The Markets (as of market close August 20, 2021)
Stocks closed the week lower over concerns about the pace of global economic growth. China, the world’s second-largest economy, saw retail sales and industrial production slow as that country tries to contain the fallout from the latest resurgence in COVID cases. In addition, the minutes from the July Federal Open Market Committee meeting indicated that at least some of the members are considering tapering the Fed’s asset-purchase program sooner rather than later. Each of the benchmark indexes listed here lost value. The Global Dow fell 3.3%, the Russell 2000 dipped 2.5%, and the Dow dropped 1.1%. The dollar and gold prices advanced, while crude oil prices declined 8.5%. The yield on 10-year Treasuries marginally decreased. The market sectors were mixed for the week, with utilities, consumer staples, health care, information technology, and real estate gaining ground, while energy, materials, financials, industrials, and consumer discretionary fell.
Stocks were mixed last Monday, with the Dow and the S&P 500 reaching record highs, while the Nasdaq, the Russell 2000, and the Global Dow slipped lower. Crude oil prices dipped, the dollar was mixed, and the yield on 10-year Treasuries fell nearly 3.0%. Health care, consumer staples, and utilities led the market sectors, while energy slid 1.8%.
A string of five consecutive record finishes for the Dow and the S&P 500 ended last Tuesday, as each benchmark index suffered its largest decline since July 19. Stocks closed lower following a weaker-than-expected retail sales report and concerns about the economic impact of the Delta variant. The Nasdaq (-0.9%), the Russell 2000 (-1.2%), and the Global Dow (-0.9%) also dipped lower. Treasury yields and crude oil prices decreased, while the dollar advanced. The market sectors generally fared poorly, with only health care and real estate advancing. Consumer discretionary (-2.3%), materials (-1.2%), industrials (-1.1%), and communication services (-1.0%) fell the most.
Last Wednesday saw Wall Street continue to falter as each of the benchmark indexes lost value, led by the large caps of the Dow and the S&P 500, which dipped 1.1%. The Nasdaq fell 0.9%, the Russell 2000 declined 0.8%, and the Global Dow decreased 0.5%. Energy fell 2.4%, followed by health care (-1.5%), information technology (-1.4%), and consumer staples (-1.3%). Crude oil prices dropped to $64.59 per barrel, their lowest closing price since mid-May. The yield on 10-year Treasuries increased 1.2%, while the dollar was little changed from the prior day. The slide in stock values may be in response to minutes from last month’s Federal Reserve meeting, which indicated that a decision on a reducing its bond-purchasing program could happen in 2021.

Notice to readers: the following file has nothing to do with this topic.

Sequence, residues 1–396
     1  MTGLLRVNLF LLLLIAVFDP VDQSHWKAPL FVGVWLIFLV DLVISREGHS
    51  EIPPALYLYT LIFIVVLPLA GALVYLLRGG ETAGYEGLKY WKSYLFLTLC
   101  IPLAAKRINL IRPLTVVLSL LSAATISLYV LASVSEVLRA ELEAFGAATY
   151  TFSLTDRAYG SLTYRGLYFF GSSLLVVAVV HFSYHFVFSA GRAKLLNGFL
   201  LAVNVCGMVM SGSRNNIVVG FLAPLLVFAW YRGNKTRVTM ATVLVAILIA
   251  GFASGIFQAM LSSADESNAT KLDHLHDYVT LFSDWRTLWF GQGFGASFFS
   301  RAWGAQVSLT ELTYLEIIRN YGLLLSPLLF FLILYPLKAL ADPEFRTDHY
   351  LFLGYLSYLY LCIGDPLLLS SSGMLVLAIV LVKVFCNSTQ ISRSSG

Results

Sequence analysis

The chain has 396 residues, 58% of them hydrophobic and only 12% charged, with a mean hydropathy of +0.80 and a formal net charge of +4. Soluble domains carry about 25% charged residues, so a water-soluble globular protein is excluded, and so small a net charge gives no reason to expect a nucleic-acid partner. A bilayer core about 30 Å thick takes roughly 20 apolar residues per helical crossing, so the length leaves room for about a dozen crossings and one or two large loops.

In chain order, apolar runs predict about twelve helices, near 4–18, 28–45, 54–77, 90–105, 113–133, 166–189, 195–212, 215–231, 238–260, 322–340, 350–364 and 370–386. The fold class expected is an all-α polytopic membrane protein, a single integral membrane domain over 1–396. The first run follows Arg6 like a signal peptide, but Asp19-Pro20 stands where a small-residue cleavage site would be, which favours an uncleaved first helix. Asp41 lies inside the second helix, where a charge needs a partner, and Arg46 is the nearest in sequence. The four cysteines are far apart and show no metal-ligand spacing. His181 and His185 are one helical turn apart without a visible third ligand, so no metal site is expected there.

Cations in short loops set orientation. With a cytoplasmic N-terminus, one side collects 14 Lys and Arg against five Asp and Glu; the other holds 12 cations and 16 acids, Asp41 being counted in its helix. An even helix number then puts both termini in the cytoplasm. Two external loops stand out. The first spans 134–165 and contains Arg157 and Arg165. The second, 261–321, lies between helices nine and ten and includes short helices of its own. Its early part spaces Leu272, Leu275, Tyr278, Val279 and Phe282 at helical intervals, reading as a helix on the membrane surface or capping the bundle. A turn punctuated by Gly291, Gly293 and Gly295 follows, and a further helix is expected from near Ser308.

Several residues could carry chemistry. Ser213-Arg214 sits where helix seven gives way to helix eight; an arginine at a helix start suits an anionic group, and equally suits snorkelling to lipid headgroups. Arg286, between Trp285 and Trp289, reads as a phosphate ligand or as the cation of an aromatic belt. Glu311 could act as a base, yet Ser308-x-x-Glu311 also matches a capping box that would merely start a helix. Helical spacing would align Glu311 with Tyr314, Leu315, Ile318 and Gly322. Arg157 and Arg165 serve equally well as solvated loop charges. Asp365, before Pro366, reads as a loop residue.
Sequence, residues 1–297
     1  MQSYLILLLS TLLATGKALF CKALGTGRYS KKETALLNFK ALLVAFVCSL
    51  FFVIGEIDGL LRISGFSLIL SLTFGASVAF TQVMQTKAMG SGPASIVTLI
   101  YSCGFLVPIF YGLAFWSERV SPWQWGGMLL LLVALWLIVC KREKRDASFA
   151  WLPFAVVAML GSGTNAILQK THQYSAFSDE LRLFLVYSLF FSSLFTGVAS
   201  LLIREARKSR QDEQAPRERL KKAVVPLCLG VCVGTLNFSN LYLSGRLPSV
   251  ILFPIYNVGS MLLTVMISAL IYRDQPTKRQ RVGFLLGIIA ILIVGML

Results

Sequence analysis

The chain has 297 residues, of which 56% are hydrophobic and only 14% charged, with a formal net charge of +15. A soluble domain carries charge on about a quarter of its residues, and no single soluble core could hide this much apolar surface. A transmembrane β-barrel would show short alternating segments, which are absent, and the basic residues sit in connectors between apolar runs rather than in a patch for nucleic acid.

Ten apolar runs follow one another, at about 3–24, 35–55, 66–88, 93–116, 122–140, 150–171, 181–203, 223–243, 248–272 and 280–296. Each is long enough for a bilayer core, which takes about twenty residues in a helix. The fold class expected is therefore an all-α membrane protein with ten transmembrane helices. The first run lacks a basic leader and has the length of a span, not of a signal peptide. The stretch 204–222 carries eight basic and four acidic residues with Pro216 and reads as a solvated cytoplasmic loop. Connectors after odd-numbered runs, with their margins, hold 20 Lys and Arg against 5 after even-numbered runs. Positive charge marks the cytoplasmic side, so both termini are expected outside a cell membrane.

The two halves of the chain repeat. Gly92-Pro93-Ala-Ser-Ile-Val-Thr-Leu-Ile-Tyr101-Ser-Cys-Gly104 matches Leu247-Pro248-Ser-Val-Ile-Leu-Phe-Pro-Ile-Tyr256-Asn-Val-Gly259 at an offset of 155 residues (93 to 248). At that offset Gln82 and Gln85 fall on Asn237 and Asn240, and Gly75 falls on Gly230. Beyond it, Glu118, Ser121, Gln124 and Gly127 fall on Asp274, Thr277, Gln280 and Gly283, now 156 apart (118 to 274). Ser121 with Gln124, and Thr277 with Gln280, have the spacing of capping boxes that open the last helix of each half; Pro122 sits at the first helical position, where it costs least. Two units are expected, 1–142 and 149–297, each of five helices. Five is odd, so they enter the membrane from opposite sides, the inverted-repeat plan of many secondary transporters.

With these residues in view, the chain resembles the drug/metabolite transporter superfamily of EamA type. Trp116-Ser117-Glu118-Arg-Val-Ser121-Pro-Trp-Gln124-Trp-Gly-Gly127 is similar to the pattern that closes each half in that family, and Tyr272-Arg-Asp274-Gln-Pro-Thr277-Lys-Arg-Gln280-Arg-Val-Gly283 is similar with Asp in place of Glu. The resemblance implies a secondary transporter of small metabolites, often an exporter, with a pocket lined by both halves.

Stocks were largely mixed last Thursday, with the Nasdaq and the S&P 500 eking out gains (0.1%), while the Global Dow (-1.7%), the Russell 2000 (-1.2%), and the Dow (-0.2%) dipped lower. Treasury yields and crude oil prices fell, while the dollar advanced. Asian and European markets fell on COVID concerns. Consumer staples, information technology, and real estate led the sectors, while consumer discretionary, industrials, and energy faded.
Last Friday proved to be Wall Street’s best day of the week. Each of the benchmark indexes advanced, led by the Russell 2000 (1.6%) and the Nasdaq (1.2%). The S&P 500 (0.8%) and the Dow (0.7%) pushed higher. The Global Dow inched up 0.1%. Each of the market sectors gained ground, with information technology, utilities, and communication services leading the pack. Ten-year Treasury yields rose, while the dollar and crude oil prices dipped.
The national average retail price for regular gasoline was $3.174 per gallon on August 16, $0.002 per gallon more than the prior week’s price and $1.008 higher than a year ago. Gasoline production increased during the week ended August 13, averaging 10.0 million barrels per day. U.S. crude oil refinery inputs averaged 16.0 million barrels per day during the week ended August 13; this was 191,000 barrels per day less than the previous week’s average. For the week ended August 13, refineries operated at 92.2% of their operable capacity, up from the prior week’s level of 91.8%.
Stock Market Indexes
|Market/Index||2020 Close||Prior Week||As of 8/20||Weekly Change||YTD Change|
|Fed. Funds target rate||0.00%-0.25%||0.00%-0.25%||0.00%-0.25%||0 bps||0 bps|
|10-year Treasuries||0.91%||1.29%||1.26%||-3 bps||35 bps|
Chart reflects price changes, not total return. Because it does not include dividends or splits, it should not be used to benchmark performance of specific investments.
Last Week’s Economic News
- Retail sales dipped 1.1% in July from the previous month but stand 15.8% above the July 2020 totals. Retail trade sales also slowed, falling 1.5% last month. Contributing to the dip in overall retail sales were motor vehicle and parts dealers (-3.9%); building material and garden equipment and supplies dealers (-1.2%); clothing and clothing accessories stores (-2.6%); sporting goods, hobby, musical instrument, and book stores (-1.9%); and online sales (-3.1%). Sales increased at food services and drinking places (1.7%), miscellaneous store retailers (3.5%), and gasoline stations (2.4%).
- According to the latest report from the Federal Reserve, industrial production rose 0.9% in July. Manufacturing output increased 1.4%, largely due to an 11.2% increase in motor vehicles and parts. The output of utilities decreased 2.1% in July, while mining rose 1.2%. Overall, total industrial production in July was 6.6% above its year-earlier level but 0.2% below its pre-pandemic (February 2020) level.